07 May, 2010

Blade of the Immortal: Legend of the Sword Demon

By: Ken Haley

Written by Junichi Ohsako, Illustrated by Hiroaki Samura, Translated by Camellia Nieh
Dark Horse, 224 pp.

To atone for crimes in his past, the immortal Manji swears to kill one thousand “evil men.” His problem, of course, is figuring out who’s truly evil. Enter Asano Rin. Two years ago she watched as her father was murdered and her mother was gang-raped and taken by the group known as the Itto Ryu. She recruits Manji to her cause and together the two set out to avenge her parents. Blade of the Immortal: Legend of the Sword Demon is a reimagining of the first six or so volumes of the original manga. All of the fan-favorite characters are present and several key events from those early years are included as well, though altered to make way for several new twists and an entirely new character, the mysterious and unstoppable being known only as the Inugami.

For the most part, the novel plays out through Rin’s point of view. It’s through her that we’re introduced to Manji and the other major players. This is a slight change from the manga, but one that could work and hopefully give us some interesting insight into Rin and the various facets of her personality. Sadly, this is not the case. While Ohsako makes an able attempt at capturing Rin’s character, I never really felt that he nailed her down. There’s some of the self-doubt and hesitation regarding her quest for vengeance that marks her character in the manga, but it’s never really fleshed out beyond the idea that she’s not quite at ease with murder.

Manji, for his part, is incredibly mysterious and tight-lipped about his own life throughout. The result is that their relationship seems to lack the sibling tenderness and sarcasm that makes it feel so real and vibrant in the manga. In addition, his own motivations are merely hinted at or alluded to, never quite making it clear why he actually sides with Rin or even why he wants to atone for his past in the first place. This all results in the reader being forced to fill in the blanks on their own. For long-time fans this shouldn’t be a problem, but I’d imagine that newcomers might be left scratching their heads over a lot of the characters’ actions and descisions.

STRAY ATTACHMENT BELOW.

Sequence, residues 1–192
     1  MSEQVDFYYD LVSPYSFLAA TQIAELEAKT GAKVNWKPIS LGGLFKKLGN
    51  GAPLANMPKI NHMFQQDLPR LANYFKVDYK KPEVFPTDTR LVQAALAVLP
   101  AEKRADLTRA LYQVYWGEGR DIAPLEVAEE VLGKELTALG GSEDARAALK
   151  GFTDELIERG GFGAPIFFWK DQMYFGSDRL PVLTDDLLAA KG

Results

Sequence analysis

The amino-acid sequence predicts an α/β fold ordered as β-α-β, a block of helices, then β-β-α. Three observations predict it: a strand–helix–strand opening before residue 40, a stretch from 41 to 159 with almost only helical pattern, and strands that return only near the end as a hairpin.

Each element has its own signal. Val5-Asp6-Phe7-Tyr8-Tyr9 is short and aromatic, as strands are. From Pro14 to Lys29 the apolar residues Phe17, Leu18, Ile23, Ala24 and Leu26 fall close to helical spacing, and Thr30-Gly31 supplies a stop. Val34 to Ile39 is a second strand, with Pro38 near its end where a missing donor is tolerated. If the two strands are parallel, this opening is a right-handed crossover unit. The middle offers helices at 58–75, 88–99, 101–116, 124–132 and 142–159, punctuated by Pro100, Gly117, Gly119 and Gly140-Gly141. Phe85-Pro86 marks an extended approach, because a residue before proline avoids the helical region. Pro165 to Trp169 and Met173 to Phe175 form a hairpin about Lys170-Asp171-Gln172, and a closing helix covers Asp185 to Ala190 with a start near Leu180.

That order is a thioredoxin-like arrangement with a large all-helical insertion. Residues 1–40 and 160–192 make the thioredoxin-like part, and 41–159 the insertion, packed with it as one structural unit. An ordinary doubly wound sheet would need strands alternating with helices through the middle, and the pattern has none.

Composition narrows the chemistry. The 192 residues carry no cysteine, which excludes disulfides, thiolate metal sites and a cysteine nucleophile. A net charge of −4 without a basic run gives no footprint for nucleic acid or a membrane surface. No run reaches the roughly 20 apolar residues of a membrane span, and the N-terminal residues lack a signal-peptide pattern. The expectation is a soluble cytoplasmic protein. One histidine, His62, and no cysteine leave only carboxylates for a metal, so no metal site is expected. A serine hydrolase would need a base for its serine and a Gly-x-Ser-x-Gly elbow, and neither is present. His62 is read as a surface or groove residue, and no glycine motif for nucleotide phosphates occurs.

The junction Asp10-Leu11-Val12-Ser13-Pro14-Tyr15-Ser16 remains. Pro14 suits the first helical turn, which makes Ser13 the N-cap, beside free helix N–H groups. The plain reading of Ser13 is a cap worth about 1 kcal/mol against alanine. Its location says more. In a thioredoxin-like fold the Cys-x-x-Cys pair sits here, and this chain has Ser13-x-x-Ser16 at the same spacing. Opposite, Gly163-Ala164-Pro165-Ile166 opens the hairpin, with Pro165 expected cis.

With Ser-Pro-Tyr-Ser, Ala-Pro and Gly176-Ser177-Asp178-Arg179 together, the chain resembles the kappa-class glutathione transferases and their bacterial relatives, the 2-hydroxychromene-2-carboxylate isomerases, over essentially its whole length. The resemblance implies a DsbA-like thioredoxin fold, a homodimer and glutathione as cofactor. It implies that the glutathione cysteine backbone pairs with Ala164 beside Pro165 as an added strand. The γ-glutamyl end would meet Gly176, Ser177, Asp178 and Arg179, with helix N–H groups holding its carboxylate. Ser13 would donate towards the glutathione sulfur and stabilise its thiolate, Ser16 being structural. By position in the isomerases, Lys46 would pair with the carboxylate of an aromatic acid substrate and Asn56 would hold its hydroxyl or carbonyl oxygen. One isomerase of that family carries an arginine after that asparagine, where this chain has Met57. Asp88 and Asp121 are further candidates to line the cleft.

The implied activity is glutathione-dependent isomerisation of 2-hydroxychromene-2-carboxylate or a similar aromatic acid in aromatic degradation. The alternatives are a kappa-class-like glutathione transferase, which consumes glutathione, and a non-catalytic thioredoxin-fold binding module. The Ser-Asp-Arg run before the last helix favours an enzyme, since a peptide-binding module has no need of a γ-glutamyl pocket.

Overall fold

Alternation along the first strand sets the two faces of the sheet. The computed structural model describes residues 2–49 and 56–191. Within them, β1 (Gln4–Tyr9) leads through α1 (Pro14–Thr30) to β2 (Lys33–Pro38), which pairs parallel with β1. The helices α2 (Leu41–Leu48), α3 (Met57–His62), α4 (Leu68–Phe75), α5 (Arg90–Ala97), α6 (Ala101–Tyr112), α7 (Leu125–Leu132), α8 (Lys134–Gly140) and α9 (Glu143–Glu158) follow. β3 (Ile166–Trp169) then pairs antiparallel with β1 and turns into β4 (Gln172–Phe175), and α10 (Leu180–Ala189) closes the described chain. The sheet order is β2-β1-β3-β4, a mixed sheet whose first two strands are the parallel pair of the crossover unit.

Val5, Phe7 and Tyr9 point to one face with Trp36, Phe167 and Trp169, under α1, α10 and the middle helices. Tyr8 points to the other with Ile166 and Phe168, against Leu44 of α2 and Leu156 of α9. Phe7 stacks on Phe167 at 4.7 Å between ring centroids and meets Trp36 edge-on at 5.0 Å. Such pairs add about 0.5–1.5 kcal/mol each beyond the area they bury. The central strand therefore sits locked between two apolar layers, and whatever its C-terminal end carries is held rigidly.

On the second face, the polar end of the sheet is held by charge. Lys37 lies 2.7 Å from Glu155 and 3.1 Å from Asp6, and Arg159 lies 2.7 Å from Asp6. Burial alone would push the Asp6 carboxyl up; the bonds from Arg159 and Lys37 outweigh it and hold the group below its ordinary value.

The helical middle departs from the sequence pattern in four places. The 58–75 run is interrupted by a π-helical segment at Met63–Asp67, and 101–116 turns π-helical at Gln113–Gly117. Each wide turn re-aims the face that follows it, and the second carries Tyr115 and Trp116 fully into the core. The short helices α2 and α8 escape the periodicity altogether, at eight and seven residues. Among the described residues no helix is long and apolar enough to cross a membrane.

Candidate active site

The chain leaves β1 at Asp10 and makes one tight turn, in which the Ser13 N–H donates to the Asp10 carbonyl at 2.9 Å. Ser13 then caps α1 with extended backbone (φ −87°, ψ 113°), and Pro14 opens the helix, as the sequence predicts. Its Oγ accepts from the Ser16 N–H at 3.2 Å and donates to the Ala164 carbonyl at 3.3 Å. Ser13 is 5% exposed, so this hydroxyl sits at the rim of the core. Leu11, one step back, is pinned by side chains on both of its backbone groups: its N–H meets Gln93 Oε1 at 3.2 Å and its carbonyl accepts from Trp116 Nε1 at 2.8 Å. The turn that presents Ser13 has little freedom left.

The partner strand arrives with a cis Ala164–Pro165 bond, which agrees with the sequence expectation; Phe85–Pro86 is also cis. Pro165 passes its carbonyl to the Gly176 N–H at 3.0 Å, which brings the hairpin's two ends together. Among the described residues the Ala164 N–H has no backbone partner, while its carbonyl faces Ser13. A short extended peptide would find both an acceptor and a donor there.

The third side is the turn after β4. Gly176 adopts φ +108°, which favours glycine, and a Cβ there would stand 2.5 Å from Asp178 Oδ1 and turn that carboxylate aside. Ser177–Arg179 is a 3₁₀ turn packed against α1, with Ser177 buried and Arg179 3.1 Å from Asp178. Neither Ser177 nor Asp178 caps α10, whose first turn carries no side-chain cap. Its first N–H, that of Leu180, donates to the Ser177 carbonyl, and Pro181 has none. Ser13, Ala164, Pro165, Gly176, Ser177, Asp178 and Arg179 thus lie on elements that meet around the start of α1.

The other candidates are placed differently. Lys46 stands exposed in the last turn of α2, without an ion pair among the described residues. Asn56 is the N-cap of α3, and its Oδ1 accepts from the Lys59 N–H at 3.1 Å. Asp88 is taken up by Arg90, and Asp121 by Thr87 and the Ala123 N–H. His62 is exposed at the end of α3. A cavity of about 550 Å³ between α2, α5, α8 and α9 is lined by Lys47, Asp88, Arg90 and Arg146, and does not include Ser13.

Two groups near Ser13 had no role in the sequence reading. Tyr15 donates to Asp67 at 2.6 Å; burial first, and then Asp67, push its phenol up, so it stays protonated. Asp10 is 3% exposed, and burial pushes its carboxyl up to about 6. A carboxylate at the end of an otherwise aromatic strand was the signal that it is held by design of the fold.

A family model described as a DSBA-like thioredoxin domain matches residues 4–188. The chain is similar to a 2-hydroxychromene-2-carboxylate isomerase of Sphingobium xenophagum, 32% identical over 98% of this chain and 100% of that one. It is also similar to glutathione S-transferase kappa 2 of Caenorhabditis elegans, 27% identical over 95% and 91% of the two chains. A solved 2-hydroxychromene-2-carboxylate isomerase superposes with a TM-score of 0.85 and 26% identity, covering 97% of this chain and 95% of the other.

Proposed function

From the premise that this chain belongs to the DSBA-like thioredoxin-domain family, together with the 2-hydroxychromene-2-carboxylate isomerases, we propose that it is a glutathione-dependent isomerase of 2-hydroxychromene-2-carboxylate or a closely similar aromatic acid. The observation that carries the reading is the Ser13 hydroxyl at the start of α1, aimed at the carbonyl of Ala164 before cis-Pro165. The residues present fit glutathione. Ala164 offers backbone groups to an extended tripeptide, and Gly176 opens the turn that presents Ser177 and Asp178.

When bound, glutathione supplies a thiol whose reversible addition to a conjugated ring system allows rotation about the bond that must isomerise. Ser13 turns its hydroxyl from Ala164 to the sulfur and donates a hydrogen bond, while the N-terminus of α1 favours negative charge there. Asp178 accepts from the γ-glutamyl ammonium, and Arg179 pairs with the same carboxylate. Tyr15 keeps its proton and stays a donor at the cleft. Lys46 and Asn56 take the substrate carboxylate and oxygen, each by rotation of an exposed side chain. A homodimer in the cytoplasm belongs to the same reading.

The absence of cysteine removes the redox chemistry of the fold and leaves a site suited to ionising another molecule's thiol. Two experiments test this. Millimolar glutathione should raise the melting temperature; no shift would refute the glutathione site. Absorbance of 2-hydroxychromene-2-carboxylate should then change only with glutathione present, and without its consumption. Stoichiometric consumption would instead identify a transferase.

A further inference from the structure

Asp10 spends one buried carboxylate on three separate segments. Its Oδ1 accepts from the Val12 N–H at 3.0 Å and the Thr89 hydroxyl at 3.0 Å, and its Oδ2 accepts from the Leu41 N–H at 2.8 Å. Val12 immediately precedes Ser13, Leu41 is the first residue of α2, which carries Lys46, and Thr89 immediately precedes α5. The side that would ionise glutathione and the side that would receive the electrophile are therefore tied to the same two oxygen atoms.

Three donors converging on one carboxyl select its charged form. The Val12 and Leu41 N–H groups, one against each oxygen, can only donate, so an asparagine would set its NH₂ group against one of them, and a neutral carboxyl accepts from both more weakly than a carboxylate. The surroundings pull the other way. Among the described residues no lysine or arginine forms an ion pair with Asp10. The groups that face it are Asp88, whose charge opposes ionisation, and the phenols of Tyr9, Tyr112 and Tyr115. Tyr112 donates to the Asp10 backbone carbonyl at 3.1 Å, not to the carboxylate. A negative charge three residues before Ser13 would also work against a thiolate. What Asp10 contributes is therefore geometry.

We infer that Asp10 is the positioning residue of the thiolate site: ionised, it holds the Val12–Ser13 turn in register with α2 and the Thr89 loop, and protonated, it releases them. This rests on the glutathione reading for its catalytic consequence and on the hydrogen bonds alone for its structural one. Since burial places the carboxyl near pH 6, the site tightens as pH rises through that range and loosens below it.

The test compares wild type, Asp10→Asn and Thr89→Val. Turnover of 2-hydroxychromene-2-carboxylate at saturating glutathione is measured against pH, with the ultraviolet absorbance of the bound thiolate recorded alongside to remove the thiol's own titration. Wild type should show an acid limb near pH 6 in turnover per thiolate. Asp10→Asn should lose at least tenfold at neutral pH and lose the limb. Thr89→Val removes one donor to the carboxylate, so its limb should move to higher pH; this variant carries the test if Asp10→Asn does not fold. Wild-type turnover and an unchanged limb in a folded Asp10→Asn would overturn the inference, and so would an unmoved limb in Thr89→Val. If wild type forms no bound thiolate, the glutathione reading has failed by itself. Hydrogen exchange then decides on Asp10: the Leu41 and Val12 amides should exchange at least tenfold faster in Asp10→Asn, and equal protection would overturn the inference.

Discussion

The other most obvious change from the original manga is the inclusion of the Inugami, a bizarre creature with ties to the mysterious group known as the Mugai Ryu. There’s not a whole lot to say about him as he’s little more than a rampaging beast. Still, Ohsako manages to use him as a dark mirror for Manji and Rin’s journeys. He presents Rin with a glimpse at what she could potentially become if she loses herself in the quest for revenge, and gives Manji an uncomfortable look at who he may have been at one point in his life.

Samura provides several illustrations for the novel and they’re absolutely gorgeous. The full-page pieces here are similar in style to his cover and chapter break artwork and provide some nice eye candy. That said, I do have two small complaints with it. The first is that we’re never given a full or clear shot of the Inugami. The descriptions make it sound like he’d be visually interesting, but, alas, the book is without anything more than a head shot of the masked creature. The second complaint is that there’s not enough of it. We only get six pieces and they’re just so gorgeous that you can’t help but want more.

I really felt that this book was a mixed bag at best. There were some potentially interesting elements, but they were never properly developed or fleshed out enough for the book to stand as its own work. Long-time fans might find it to be an interesting but unessential companion to the manga, but I don’t think there’s much for newcomers besides a tantalizing taste of what the manga has to offer.

Blade of the Immortal: Legend of Sword Demon is available now.

Review copy provided by the publisher.

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